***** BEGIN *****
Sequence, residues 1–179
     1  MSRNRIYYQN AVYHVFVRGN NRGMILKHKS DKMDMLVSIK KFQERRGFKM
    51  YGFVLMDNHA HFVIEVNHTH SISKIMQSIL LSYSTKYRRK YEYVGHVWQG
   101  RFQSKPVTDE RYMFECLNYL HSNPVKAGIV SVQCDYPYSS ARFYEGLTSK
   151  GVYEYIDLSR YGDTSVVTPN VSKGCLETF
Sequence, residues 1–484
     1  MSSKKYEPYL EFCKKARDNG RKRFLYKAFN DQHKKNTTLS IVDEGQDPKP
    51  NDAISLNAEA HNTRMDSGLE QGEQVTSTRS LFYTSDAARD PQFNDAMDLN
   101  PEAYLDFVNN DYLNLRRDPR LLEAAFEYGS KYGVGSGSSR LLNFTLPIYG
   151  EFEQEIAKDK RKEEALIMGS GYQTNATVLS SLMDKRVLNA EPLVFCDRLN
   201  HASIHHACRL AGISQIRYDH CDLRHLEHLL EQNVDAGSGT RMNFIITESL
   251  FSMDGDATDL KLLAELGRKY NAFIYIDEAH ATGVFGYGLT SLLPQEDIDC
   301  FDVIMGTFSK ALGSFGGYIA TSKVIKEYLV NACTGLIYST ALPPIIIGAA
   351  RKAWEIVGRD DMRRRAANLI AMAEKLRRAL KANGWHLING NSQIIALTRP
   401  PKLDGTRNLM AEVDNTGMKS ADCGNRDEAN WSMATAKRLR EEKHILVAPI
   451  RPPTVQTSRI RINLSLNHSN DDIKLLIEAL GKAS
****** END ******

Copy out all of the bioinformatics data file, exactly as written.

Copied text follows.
Sequence, residues 1–179
     1  MSRNRIYYQN AVYHVFVRGN NRGMILKHKS DKMDMLVSIK KFQERRGFKM
    51  YGFVLMDNHA HFVIEVNHTH SISKIMQSIL LSYSTKYRRK YEYVGHVWQG
   101  RFQSKPVTDE RYMFECLNYL HSNPVKAGIV SVQCDYPYSS ARFYEGLTSK
   151  GVYEYIDLSR YGDTSVVTPN VSKGCLETF
Sequence, residues 1–484
     1  MSSKKYEPYL EFCKKARDNG RKRFLYKAFN DQHKKNTTLS IVDEGQDPKP
    51  NDAISLNAEA HNTRMDSGLE QGEQVTSTRS LFYTSDAARD PQFNDAMDLN
   101  PEAYLDFVNN DYLNLRRDPR LLEAAFEYGS KYGVGSGSSR LLNFTLPIYG
   151  EFEQEIAKDK RKEEALIMGS GYQTNATVLS SLMDKRVLNA EPLVFCDRLN
   201  HASIHHACRL AGISQIRYDH CDLRHLEHLL EQNVDAGSGT RMNFIITESL
   251  FSMDGDATDL KLLAELGRKY NAFIYIDEAH ATGVFGYGLT SLLPQEDIDC
   301  FDVIMGTFSK ALGSFGGYIA TSKVIKEYLV NACTGLIYST ALPPIIIGAA
   351  RKAWEIVGRD DMRRRAANLI AMAEKLRRAL KANGWHLING NSQIIALTRP
   401  PKLDGTRNLM AEVDNTGMKS ADCGNRDEAN WSMATAKRLR EEKHILVAPI
   451  RPPTVQTSRI RINLSLNHSN DDIKLLIEAL GKAS